Community and privacy – two concepts that have important implications on happiness, productivity, and general well-being, both in and out of the workplace. So, what role do they play specifically in the workplace and how can you sufficiently ensure both, somewhat opposing needs are being met at the same time? Do you sacrifice privacy if you focus on community? Or, conversely, do you sacrifice community if you focus on privacy?
Value of Community at Work
Being included in a larger social group is one our most basic needs with only the need for nourishment and physical security being ranked higher on the hierarchy of needs. Considering that many spend 40+ hours at work each week, it’s no surprise that community and social inclusion at work are important for one’s mental well-being. And that well-being translates to benefits in the workplace, including increased happiness, reduction in stress, and increased engagement and loyalty.
The benefits also go well beyond individual well-being and into increased productivity - both on an individual and group level. Community is a nuanced concept, but generally, it is a group of individuals united by common interests, beliefs, and/or goals. Working in small, related groups towards a shared goal is essentially, therefore, creating micro communities that include social benefits as well as productivity benefits. By working together in such a way, you benefit from ‘collective intelligence,’ which is “a form of distributed intelligence that arises from the social interaction of individuals and that predicts, more so than the intelligence of individual members, a group’s general ability to perform a wide variety of tasks” (Bernstein and Turban). Basically, it’s a fancy way of saying that the whole is stronger than the sum of its parts, so in the context of work, a team working together as a connected community with aligned goals will generally be more productive than individuals working alone.
If you are a small team or even a team of one, you can still attain the social benefits of community at work by supplementing your situation in some way. For example, you can join a networking/social group for other business professionals like Network After Work or you can work out of a coworking or shared office space that includes an already established community. While your work community will not include other people working towards the exact same business goals, you will be included in a community of people united in their desire to remain connected and to finding new resources and opportunities to grow their businesses further.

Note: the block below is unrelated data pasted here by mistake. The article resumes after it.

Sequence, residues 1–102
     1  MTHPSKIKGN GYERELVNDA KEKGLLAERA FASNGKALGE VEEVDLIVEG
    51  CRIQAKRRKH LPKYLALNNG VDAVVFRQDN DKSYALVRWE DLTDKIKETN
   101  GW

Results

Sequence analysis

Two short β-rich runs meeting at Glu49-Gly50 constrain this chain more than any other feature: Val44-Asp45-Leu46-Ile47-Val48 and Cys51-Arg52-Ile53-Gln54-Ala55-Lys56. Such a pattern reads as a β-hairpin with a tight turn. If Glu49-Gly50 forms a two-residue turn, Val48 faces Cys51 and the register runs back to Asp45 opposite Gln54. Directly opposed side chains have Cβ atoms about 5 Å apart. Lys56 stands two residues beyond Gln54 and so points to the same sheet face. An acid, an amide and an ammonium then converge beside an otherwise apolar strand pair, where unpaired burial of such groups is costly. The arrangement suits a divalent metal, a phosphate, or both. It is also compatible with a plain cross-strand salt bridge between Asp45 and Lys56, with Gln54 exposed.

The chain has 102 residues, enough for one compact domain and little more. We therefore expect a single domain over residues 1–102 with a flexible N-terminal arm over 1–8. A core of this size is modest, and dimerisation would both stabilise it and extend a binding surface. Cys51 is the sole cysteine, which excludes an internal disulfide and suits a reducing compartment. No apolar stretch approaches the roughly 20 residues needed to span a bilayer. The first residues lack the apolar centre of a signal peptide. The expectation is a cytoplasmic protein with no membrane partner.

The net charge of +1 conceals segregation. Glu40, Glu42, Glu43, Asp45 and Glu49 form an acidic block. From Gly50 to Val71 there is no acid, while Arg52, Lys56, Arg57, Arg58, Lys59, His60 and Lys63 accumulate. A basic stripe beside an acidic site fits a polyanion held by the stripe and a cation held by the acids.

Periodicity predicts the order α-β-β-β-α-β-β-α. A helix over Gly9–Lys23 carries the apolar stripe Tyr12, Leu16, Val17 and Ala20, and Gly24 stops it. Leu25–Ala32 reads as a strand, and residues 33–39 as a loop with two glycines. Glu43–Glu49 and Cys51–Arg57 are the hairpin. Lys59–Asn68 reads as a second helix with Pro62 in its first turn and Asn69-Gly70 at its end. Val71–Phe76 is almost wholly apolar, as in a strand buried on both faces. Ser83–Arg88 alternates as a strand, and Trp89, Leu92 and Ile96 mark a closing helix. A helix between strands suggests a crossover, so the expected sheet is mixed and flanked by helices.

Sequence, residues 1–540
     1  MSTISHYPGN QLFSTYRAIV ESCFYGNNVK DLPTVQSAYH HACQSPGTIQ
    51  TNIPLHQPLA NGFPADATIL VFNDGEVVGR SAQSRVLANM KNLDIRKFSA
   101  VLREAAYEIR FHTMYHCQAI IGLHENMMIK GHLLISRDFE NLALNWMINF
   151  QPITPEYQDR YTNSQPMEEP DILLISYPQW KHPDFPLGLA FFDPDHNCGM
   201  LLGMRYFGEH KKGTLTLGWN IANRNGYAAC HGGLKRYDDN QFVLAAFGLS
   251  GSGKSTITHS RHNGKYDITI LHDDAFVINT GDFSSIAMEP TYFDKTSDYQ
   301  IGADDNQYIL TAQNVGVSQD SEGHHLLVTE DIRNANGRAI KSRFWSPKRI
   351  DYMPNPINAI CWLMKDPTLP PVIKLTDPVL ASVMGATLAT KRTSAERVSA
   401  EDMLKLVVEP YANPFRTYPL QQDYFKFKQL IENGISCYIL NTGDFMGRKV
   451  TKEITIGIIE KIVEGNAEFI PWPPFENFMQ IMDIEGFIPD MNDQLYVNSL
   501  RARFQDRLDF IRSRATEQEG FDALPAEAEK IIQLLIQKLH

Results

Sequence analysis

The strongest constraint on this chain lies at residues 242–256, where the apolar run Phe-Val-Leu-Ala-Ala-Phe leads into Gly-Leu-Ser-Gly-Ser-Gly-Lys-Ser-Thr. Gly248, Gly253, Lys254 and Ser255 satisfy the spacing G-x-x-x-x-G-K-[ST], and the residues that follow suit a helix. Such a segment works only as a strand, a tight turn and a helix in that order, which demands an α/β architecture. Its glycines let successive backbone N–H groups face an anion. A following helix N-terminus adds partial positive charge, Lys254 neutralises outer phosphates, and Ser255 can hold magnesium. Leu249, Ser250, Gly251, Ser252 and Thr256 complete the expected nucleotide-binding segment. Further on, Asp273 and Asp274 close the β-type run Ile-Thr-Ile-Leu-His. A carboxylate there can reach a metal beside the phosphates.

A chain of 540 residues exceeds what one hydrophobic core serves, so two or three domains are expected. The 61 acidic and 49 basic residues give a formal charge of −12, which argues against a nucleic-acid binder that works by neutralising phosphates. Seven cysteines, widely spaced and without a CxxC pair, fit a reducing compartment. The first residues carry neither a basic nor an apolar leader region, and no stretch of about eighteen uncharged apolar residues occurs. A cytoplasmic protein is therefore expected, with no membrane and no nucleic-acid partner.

Importance of Privacy at Work
Privacy in the workplace is a complex, multi-faceted issue. On the one hand, it has been found that people behave differently and even often try harder when they know they are being observed - a phenomenon called the Hawthorne Effect aka observer effect. And on the other hand, there are certain types of work or thought processing that typically require a distraction-free environment since even a disruption of 3 seconds can break your train of thought and lead to a 25-40 minute delay in getting mentally back to the same place you were prior to the disruption (Haynes, Suckley, and Nunnington). And that’s all not to mention the industries or professions that include strict privacy requirements by law (ex: medical, HR, legal).
So, is privacy at work important? Yes. In fact, beyond the importance of being able to engage in distraction-free thinking and processing, a 2018 study on the impact of open workspaces on human collaboration found a strong correlation between open work environments and a sharp decrease (of about 70%) in face to face interactions (Bernstein and Turban). The study showed that rather than coming together and interacting more in an open, wall-free environment, people instead created their own privacy via headphones, suffered from overstimulation, and increased digital communications with colleagues by 20% – 50% in order to avoid having conversations where they could be easily overheard by others. All this and more combined to a downturn in productivity as measured by the company itself.
As witnessed in this study, potential benefits of the Hawthorne Effect simply are not present when everyone lacks privacy since it has been theorized that the effect really is more about people feeling special and singled out and an open work environment by definition singles no one out. So, even the potential upside of no privacy is questionable at best.
Combining Community and Privacy at Work
So what’s the answer to ensuring both community and privacy at work? While there are no one-size-fits-all solutions, studies indicate it is through physical layout and features and worker proximity that you can create both. The key is to choose a workspace or design one that includes both private and communal areas. This variety in available work areas means that people can choose where they work based on what task they happen to be working on. People can lock themselves away for privacy and uninterrupted deep thought or work in a common area alongside coworkers to benefit from the social interactions and collective intelligence.
Are you a solopreneur or part of a small team wanting to extend your community? Another great option combine community and privacy at work is via membership in a shared office environment. All Work Better locations include private offices and communal areas and becoming a member means becoming a part of a larger community.